The study by the World Bank [95] which covers a period between the mid-1960s and the late 1990s showed that while most Latin American countries diversified their export structures, they were yet unable to achieve considerable levels of GDP expansion. Thus, it should not be taken for granted that increasing levels of export diversification guarantees higher levels of economic growth. Countries should choose right mixes of export goods and services keeping in view of prevailing market factors, including the changing taste in importing countries. Agreeing to waive tariff barriers and selecting the right set of products for each EAC partner to trade can considerably enhance market competitiveness for these countries. Leyaro [96] denoted that the effects which arise from the removal of border measures (tariff barriers to trade) and behind-the-border measures (non-tariff barriers to trade) are based on imperfect competitive trade theory, where firms derive profits from exploiting market dominance, through economies of scale, increased competition, improved technology, and/or greater specialization.

The correlation between GDP growth, in some sectors like agriculture, and increasing GDP per capita inequality is not new in the literature. It is a common phenomenon, particularly in agrarian economies or economies that rely mainly on crop and livestock farming [9799]. In smallholder agro-based economies, income inequality results from the disproportion in productivity of the production factors and from the influence of many other variables, such as, the level and structure of the production factors, its scale and intensity, the quality of agricultural production space and the ability to manage farm resources [99]. In Poland, Kata & Wosiek [99] reported the problem of excessive and growing income inequalities in agriculture as an important barrier to the sustainable development in the country. In EAC, agriculture is one of the most important sectors employing about 80 percent of the region’s population and is dominated by smallholder mixed farming of crops and livestock [100].

Thus, the problem of income polarization or inequality is not likely to be uncommon in the region. The problem is further exacerbated by factors such as the sudden breaks or interruptions in local or global supply chains which are quite common in post 2010 periods, globally, due to recessions and social inequalities which are triggered and aggravated by disaster-like situations caused by climate change [31] and epidemic outbreaks [101]. As in many other regions [102], these disruptions have in turn impacted trade and commodity prices widening the income inequality in the region [101]. For example, Mulwa [31] projected a depression in the welfare of EAC member countries to US$ 4.86 per person by 2045, indicating that the impact of climate change in this region will have adverse effects on production. In Uganda, Babyenda et al. [103] also found climate variability to have a significant nonlinear impact on household welfare outcomes. Just as important, Kassegn & Endris [101] showed that the socio-economic impacts of the COVID-19 pandemic, desert locust and flooding are considerable and have resulted in devastating implications on livelihood and food security in EAC.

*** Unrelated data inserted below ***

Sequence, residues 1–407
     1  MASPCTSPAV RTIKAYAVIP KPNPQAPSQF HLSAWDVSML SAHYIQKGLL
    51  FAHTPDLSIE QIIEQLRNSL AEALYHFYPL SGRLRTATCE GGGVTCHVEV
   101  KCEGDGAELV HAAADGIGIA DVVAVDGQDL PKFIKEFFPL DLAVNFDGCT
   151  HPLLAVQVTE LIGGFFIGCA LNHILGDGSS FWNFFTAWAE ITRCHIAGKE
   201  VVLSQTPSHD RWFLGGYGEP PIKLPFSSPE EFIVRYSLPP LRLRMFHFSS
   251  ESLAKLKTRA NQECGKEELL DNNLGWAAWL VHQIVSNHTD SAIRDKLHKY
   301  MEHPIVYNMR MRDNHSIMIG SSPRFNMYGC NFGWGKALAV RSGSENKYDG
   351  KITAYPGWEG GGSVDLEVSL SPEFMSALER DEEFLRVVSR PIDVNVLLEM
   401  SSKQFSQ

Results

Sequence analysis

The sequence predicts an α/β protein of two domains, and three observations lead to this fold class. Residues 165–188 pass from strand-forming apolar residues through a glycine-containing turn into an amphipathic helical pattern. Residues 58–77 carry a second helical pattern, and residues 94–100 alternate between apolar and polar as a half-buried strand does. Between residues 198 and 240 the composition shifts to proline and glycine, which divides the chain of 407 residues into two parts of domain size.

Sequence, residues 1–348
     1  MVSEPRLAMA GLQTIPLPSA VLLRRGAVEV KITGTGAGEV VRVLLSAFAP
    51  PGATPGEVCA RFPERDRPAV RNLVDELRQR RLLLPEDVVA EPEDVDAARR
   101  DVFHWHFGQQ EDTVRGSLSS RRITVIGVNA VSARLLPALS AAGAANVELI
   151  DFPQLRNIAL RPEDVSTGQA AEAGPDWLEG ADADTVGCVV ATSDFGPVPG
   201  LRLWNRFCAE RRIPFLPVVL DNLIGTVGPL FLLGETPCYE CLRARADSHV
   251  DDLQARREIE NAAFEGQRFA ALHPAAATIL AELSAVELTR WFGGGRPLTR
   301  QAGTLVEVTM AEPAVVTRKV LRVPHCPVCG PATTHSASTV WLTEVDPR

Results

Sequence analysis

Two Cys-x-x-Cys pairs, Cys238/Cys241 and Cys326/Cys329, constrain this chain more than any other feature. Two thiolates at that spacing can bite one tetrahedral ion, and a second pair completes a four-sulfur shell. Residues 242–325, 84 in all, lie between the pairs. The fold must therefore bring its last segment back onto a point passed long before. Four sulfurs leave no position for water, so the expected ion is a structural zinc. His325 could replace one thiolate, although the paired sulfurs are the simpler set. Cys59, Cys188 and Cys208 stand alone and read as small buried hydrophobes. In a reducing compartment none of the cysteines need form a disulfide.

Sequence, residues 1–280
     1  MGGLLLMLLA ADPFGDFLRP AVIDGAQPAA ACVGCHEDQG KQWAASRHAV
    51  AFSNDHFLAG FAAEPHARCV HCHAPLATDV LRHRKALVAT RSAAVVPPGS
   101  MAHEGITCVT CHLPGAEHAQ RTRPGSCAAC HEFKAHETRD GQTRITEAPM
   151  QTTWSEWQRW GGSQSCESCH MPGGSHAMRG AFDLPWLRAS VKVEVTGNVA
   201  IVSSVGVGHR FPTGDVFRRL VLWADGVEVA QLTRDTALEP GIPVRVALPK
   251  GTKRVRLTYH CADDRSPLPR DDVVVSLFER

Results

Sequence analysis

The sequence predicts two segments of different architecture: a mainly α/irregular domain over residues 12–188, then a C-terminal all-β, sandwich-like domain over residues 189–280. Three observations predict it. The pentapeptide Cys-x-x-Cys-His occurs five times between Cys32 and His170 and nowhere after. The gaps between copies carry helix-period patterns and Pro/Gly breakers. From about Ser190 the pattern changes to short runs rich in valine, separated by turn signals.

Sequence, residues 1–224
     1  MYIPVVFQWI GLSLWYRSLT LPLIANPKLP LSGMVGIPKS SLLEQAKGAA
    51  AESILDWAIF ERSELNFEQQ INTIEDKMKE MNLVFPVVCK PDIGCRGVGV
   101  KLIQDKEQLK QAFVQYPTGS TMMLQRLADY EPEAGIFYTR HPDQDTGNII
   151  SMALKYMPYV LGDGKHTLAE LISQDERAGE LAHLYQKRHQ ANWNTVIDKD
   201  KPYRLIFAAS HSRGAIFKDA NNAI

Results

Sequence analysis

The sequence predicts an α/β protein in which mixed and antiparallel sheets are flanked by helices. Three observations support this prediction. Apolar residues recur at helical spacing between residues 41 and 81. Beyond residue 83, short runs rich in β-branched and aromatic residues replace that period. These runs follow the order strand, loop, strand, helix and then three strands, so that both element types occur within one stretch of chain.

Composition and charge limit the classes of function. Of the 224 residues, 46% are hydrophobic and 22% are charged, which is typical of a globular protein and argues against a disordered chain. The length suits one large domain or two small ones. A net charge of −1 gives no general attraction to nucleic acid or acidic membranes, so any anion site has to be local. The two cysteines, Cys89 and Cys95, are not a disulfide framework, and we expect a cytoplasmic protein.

5. Conclusions

The study demonstrated that the EAC member countries have continued to register trade deficits overtime, registering mean annual rates of increase in trade deficits ranging from the lowest of 6.26 percent for Rwanda, to the highest of 15.34 percent for Kenya. Substantial improvement was observed for Tanzania between 2013 and 2019 when the country registered a decrease of trade deficits from 5.057 Billion US$ to 0.70351 Billion US$ for that window period. The smallest trade deficit for Tanzania was registered in 2002 (0.244 Billion US$). Burundi also slightly improved her trade deficits from 0.692.69 Billion US$ in 2013 to 0.62019 Billion US$ in 2018. Kenya registered not only the highest mean annual rates of increase in trade deficit, but also substantial deterioration in trade deficits amounting to the lowest of 0.645 Billion US$ in 2003 to the highest of 9.036 Billion US$ in 2014, before making slight improvement of 6.259 Billion US$ in 2016 and deteriorating further in 2019 to 8.918 Billion US$.

The top five GDP value adding activities in region were agriculture, manufacturing, trade and repair, construction, and transport and storage, altogether contributing about 38 percent to total annual GDP. The GDP per capita for the region has increased overtime. Yet, GDP per capita amongst member states has been diverging in the long run, but converging in the short to medium term. Of all value adding activities covered in the study, six significantly increased GDP per capita inequality in the region namely; agriculture, electricity and gas, transport and storage, real estate activities, public administration, and education. GDP per capita also decreased with export concentration, implying that when the EAC countries leverage to widen and deepen co-operation among them, they should choose the right mixes of export goods and services keeping in view of prevailing market factors, including the changing taste in importing countries.

Supporting information

S1 Table. Supplementary table showing the results of regression models.


S1 File. Data used in the analysis of export trends for EAC countries.


S2 File. Data used in the analysis of import trends for EAC countries.


S3 File. Data used in the analysis of trends of net trade for EAC countries.


S4 File. Data used in the analysis of GDP value added by activities.


S5 File. Data used in the analysis of average annual GDP (at purchaser prices).


S6 File. Data used in the analysis of trends of GDP per capita for EAC countries.


S7 File. Data used in the analysis of GDP per capita inequality using Coefficient of Variation (CV).


S8 File. Data used in the analysis of GDP per capita inequality using weighted beta (WB).


S9 File. Data used in decomposition of GDP per capita inequality by value adding activities.